Redoing your kitchen can be a daunting task. Some projects need weeks, cost thousands upon thousands of dollars and lock you out of your personal hearth for an unbearable amount of time.
But what if you could refresh your kitchen for just three figures in a weekend or less? With a good amount of planning and smart shopping, you can accomplish a modern kitchen renovation without ripping out walls, replacing the appliances or building custom cabinets.
To begin, you want to establish a budget. This can help guide your decisions and figure out what is doable on your dime. Maybe you want a new stove, but can only afford to replace that broken burner. Decision made.
Look below for more ideas on how to get yourself a new DIY kitchen that won’t require weeks of contractors traipsing through your house.
Paint the Cabinets
There are packaged kits designed to make repaint cabinets easy. Before you start, you have to mark which cabinet door and hardware goes where so you don’t have a difficult time returning everything to its proper place. Remove all of the hardware and store it in one place — this is particularly important if you re going to reuse it. You make also want to tape where the cabinets meet the walls and ceiling, to keep the lines clean.
Remember, not just the wood can be painted, but also the hinges and even the handles. Be sure to buy the right type of paint for metal and prepare the surfaces properly. Some lower quality cabinetry may not be easily repainted because the plywood or fiberboard isn’t designed to be refinished.
Instead of sanding and priming, you may be able to use a deglosser kit to prep the cabinets. These kits contain most of what you need to do an average size job. Be sure to measure your cabinets to be sure how much coverage you need and how much the product you’re buying promises. Repainting cabinets may require several coats of paint, particularly when you’re using whites and light colors over dark woods.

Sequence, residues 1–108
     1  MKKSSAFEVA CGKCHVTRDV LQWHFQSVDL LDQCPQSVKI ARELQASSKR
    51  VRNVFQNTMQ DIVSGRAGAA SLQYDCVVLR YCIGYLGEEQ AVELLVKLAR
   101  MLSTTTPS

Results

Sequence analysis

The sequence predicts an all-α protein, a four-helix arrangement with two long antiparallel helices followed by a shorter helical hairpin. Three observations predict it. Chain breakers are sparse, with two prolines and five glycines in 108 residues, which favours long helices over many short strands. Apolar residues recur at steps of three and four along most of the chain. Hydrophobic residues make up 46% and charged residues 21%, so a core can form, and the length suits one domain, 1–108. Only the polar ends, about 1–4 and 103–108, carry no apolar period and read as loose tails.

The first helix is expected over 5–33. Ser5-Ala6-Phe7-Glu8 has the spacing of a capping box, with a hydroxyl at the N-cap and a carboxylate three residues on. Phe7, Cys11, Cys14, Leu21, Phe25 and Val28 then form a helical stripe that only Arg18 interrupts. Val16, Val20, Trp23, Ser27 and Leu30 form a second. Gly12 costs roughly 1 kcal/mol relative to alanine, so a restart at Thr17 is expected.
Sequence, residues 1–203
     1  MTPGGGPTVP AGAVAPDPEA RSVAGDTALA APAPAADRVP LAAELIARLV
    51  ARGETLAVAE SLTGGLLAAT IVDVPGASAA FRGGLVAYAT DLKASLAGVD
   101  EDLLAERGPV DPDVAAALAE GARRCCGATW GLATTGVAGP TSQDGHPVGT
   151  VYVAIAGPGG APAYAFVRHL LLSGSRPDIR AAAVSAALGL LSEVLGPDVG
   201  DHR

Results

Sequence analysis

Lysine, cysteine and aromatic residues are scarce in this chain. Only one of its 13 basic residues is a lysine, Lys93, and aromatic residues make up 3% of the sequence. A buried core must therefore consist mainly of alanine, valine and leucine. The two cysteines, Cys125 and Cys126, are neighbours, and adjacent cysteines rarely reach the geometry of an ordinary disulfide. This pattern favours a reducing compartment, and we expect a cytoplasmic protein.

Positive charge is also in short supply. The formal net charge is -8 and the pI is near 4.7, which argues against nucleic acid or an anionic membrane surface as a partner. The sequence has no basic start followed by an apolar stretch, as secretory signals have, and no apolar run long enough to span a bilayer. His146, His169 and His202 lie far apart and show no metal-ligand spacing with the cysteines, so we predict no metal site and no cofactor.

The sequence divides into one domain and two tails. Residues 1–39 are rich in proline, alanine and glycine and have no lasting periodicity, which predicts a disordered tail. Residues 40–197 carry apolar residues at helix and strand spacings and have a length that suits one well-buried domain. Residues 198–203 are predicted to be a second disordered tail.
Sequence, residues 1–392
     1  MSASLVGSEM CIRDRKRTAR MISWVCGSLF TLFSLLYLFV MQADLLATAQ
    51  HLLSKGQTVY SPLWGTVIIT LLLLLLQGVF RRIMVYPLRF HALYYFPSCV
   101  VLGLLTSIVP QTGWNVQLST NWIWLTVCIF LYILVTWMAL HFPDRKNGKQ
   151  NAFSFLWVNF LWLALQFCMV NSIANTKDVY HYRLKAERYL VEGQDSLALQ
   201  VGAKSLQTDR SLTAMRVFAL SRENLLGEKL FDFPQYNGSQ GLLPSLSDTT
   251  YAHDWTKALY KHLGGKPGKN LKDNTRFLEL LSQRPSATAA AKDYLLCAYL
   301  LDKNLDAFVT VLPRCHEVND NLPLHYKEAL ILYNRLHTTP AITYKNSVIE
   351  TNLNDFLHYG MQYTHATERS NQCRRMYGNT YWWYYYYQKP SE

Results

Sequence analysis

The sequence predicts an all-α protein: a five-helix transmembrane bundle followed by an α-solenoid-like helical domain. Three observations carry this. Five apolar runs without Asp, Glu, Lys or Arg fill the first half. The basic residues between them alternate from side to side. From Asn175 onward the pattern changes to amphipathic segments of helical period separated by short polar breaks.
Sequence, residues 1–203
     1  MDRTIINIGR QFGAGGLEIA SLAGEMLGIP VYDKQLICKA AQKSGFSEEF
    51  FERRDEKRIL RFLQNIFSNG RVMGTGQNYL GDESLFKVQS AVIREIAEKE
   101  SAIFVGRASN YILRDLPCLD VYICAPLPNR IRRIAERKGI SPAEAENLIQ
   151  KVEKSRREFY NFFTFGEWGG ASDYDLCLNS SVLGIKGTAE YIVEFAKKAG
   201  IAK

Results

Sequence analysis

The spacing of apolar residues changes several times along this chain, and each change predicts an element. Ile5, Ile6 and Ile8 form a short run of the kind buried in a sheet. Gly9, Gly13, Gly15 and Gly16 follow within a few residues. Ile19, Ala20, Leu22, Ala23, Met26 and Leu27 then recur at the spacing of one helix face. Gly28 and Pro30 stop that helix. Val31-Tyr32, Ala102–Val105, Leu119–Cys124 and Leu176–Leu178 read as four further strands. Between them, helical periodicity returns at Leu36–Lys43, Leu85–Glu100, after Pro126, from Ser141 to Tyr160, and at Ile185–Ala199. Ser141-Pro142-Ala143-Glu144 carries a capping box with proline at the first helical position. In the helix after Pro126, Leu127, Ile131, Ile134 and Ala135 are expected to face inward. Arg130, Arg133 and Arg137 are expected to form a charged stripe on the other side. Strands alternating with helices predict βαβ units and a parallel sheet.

If you don’t like the look that comes with using paint brushes, you may want to consider a semi-professional spray gun to apply the same paint, particularly to the doors.
You’ll be surprised at how easily you can turn contact paper into wallpaper and redo the counters and walls of your hearth. If you want to do add a layer of durability, brush on a polyeurethane topcoat. If you’re a renter, you’ll likely need to forgo this step if you ever want to see your deposit again.
New Cabinet Hardware
A different style of handles and hinges can change the look if your kitchen cabinets, even if you don’t repaint them. Trade in that colonial homestead brass that came with the bicentennial ‘70s and update to a modern, streamlined style. If you can’t find the perfect replacement for your hardware, you can spray paint what you have and still have an impactful upgrade.
Peel and Stick Backsplash
Numerous options exist for restyling the area behind your stove where all of the grease and soup stains wind up. You can get peel and stick tiles in a dollar store or home goods store. You can also get peel and stick vinyl wallpaper to restyle the blank wall. In preparation for adhering the paper, you’ll probably need a plastic paint guide to help ensure the paper sticks evenly and an X-acto knife to cut out rectangles to get access to the electrical outlets and trim off the edges.
Change the Light Fixtures
Replacing a light fixture may not seem like an obvious move. Sometimes kitchen lights can be painfully utilitarian fluorescent strips or out of date chandeliers. Getting a new light figure can be a relatively easy way to greatly impact the look of the whole room. You can switch the style from stark utilitarian to boho chic or upscale farmhouse with just a little basic electrical knowhow. Most lighting changes don’t require major rewiring, but if you’re handy with wcrecutters, you can make a room look very different with the right fixture.
You may not want to paint an entire kitchen or all of the cabinets, but you can still apply color strategically. Consider painting one part of your kitchen to make a visual statement and draw attention or hide stains. It can add a lot of interest and visual depth in a room that often winds up being forgettably off-white.